Radio broadcasting has always been one of the great innovators in the media, especially when it comes to music and the introduction of new sounds to a new audience. For the past 20 years or so, BBC Radio 3’s Late Junction has been bringing us sounds and musical flavours of such an eclectic and disparate nature, that not only has it been blazing a trail and championing the cause of many a leftfield and under-exposed talent, but it has also garnered much respect for its ability to delve through the vaults and bring us many long lost gems from yesteryear.
The recent announcement in the blog About The BBC by the controller of Radio 3, Alan Davey, that Late Junction’s air time will be slashed from 270 minutes across 3 nights to just one 2-hour slot on a Friday night therefore comes as a major blow to many license payers, for whom the programme is a vital source of musical nutrition. Along with an online petition (which was eventually rejected by the Parliament), there has also been an open letter to the BBC, published in The Guardian, signed by Jarvis Cocker, Shirley Collins and Brian Eno, among many others, voicing their staunch objection to the shrinking of such an important programme.
One of the main objections is that by diminishing Late Junction’s presence, the BBC is also reneging on its commitment to distinct and diverse broadcasting, thus contradicting its own ethos. Public service broadcasting, by its very nature, serves to broadcast items that the listener wasn’t aware they wanted to hear. In other words, music that acts as an ear-opener, a mind-expander and, in many cases, a portal into a new and exciting realm of sound. In a nutshell, this is Late Junction’s raison d’etre.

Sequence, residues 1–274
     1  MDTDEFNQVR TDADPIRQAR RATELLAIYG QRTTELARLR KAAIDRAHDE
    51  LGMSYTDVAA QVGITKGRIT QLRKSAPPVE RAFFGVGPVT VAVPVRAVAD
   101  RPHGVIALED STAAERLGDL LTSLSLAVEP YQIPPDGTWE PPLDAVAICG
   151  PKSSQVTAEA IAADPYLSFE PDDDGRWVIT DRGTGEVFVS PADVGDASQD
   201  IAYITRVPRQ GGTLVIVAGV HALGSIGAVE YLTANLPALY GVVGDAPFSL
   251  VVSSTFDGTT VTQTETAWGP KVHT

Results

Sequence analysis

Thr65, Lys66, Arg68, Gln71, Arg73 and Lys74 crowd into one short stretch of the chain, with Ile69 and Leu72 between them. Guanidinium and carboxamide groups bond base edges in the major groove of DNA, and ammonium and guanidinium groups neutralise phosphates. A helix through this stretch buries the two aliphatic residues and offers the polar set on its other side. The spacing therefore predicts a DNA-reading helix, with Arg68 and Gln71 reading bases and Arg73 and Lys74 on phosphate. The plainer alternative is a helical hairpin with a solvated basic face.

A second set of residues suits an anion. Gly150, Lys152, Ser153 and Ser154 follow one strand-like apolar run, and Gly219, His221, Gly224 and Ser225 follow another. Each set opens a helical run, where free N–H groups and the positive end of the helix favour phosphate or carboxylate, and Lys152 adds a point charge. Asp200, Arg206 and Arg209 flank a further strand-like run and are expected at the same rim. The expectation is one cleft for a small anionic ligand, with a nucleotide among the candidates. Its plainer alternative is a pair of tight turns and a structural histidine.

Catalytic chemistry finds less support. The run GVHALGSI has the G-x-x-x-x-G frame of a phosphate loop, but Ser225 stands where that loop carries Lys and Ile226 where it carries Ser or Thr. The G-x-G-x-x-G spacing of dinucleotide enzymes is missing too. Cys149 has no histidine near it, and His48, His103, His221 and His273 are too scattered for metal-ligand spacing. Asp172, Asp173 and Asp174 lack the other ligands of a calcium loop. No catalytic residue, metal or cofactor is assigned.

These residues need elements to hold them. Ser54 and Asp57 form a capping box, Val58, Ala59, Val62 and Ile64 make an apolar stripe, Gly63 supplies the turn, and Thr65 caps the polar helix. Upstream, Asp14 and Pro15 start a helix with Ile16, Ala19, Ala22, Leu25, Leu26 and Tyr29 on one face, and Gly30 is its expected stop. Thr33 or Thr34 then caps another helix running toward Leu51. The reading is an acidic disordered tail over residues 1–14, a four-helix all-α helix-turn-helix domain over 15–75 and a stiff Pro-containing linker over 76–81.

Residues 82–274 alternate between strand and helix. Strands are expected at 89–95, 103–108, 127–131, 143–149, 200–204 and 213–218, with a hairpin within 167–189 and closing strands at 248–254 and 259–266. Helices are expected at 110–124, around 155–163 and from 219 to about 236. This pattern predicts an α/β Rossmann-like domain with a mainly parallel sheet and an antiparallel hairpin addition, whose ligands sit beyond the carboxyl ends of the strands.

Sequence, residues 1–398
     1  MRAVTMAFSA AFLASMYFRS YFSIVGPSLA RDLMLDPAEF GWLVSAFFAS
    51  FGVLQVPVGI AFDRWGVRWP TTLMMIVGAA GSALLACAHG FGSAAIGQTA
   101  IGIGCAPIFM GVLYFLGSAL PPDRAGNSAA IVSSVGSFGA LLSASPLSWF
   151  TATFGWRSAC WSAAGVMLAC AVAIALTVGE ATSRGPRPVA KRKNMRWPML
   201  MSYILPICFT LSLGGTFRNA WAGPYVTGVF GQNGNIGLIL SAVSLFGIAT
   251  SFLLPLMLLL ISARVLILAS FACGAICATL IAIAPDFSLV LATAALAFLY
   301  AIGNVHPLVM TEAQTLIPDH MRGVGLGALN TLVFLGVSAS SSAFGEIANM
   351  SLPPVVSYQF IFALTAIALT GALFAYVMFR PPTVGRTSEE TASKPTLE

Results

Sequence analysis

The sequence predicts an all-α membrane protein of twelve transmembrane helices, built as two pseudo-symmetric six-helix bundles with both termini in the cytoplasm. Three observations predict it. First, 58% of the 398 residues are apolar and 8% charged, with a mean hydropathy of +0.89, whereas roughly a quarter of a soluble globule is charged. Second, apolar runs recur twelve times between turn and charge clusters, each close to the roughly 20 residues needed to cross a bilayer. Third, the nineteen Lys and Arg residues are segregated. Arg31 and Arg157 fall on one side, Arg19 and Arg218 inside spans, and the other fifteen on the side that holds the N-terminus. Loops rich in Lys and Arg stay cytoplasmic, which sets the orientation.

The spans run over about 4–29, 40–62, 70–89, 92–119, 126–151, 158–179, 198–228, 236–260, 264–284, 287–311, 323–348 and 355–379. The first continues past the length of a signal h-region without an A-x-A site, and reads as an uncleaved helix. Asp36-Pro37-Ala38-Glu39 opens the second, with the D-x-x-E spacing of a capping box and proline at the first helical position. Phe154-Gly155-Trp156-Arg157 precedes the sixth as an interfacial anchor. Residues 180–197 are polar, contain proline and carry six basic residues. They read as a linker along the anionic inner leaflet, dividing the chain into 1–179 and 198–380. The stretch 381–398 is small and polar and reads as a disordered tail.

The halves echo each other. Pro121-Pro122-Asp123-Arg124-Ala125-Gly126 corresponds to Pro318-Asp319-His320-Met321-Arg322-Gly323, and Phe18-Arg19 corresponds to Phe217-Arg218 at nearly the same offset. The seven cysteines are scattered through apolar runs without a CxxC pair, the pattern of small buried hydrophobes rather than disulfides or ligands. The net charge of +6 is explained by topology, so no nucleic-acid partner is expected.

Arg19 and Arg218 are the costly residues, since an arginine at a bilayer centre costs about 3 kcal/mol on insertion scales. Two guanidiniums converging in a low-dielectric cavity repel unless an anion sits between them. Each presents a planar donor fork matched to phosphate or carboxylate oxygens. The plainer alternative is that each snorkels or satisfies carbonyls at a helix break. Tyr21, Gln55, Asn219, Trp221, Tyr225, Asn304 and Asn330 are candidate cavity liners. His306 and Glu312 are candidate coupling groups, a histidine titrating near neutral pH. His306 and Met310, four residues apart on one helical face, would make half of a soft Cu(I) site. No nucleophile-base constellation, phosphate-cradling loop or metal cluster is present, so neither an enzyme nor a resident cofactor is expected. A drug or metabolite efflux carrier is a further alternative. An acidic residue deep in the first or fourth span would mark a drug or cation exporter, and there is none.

In today’s digital age, the element of originality is of paramount importance to many a discerning ear. Late Junction has consistently provided that and so much more. A late-night excursion into a myriad of sounds, some avant-garde jazz, a bit of throat singing, spoken word, global rhythms in quirky time signatures and presenters with an impressive breadth of knowledge and much warmth; this has meant so much to so many for so long, that the fight to preserve it is one that should absolutely win out.
Experimental, challenging, but eminently accessible, Late Junction is, and should remain, the platform for music you never expected to fall in love with but were unable to resist. The comments section of the About The BBC blog exceeds 300, and all of them are voicing their disapproval, expressing the joy that Late Junction brings them. Among them is this soundbite, one that sums up why we need more eclectic music, rather than less. Aside from going very well with a cup of tea, Late Junction “provides a sonic breath of fresh air”.
Musical nutrition, indeed.